After the month, the merchant pays the 200 reais into the state account, from which time the public administrators use this money to pay for the different public services, such as teachers’ and police officers’ salaries, pensions, basically for individuals, or public works, such as roads, or even tax benefits, basically for legal entities.

In this sense, and seeking to address this assessment of diversion of public resources, the important thing is to highlight two flows:

  • the first flow, where public resources circulate from the taxpayer to the State’s cash office (mainly from legal entities and individuals), and

  • the second flow, where public resources move from the State’s treasury to public service providers or final beneficiaries (also legal entities and individuals).

In these two flows, diversions of public resources may occur. In the first flow, using the example above, the merchant, instead of depositing the 200 reais in the State’s account, diverts that public resource to his company, for his own benefit. In the second flow, after the 200 reais entered in the State’s cash flow, the public agent diverts this resource for its own benefit in the form of a work with a surcharge, for example.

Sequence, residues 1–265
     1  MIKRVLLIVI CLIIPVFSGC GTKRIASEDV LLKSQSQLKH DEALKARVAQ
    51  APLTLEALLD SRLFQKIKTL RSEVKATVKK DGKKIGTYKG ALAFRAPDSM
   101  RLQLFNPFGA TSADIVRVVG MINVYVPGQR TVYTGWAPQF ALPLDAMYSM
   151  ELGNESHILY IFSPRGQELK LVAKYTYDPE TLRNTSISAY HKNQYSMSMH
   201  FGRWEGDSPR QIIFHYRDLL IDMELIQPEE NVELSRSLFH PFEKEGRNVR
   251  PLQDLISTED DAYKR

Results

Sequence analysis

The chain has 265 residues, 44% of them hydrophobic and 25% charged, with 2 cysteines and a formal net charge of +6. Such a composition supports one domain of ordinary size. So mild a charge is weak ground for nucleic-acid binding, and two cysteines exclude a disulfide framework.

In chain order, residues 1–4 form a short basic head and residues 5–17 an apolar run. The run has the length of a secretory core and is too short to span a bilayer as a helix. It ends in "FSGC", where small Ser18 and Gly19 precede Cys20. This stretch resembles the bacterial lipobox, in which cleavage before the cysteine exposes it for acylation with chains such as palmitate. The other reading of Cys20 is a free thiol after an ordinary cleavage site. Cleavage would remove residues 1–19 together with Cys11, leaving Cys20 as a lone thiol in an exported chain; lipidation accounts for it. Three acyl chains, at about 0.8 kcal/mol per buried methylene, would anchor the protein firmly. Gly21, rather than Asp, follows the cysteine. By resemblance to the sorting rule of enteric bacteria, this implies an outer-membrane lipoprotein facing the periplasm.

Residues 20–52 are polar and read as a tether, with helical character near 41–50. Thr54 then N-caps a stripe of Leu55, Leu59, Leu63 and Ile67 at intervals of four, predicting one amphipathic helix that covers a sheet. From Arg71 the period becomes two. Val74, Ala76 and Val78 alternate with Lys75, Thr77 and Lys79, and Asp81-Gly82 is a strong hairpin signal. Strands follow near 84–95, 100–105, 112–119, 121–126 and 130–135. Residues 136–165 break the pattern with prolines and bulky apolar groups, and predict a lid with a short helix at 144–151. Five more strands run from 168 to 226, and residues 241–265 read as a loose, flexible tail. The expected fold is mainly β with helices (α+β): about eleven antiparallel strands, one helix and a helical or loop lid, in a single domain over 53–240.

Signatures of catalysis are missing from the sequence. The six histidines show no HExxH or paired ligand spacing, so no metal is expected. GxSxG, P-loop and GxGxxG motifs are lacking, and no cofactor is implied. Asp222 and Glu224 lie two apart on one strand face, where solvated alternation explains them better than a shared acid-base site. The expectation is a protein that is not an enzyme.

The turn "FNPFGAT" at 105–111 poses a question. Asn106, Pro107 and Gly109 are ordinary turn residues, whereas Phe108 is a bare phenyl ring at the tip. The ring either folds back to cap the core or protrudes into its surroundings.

Although, in both situations, it is a matter of diversion of the same public resources, the “market” (or who would it be?), with the consent of economists, gave different names to these diversions. When public resources are diverted in the second flow (after having entered the state’s cash box), it is called corruption. When public resources are diverted in the first flow (before they enter the State’s cash box), it is called evasion. Regardless of the reasons that based this differentiation on the nomenclature, it is verified that, in practice, this differentiation creates in the collective imaginary the impression or conviction that private corruption does not exist.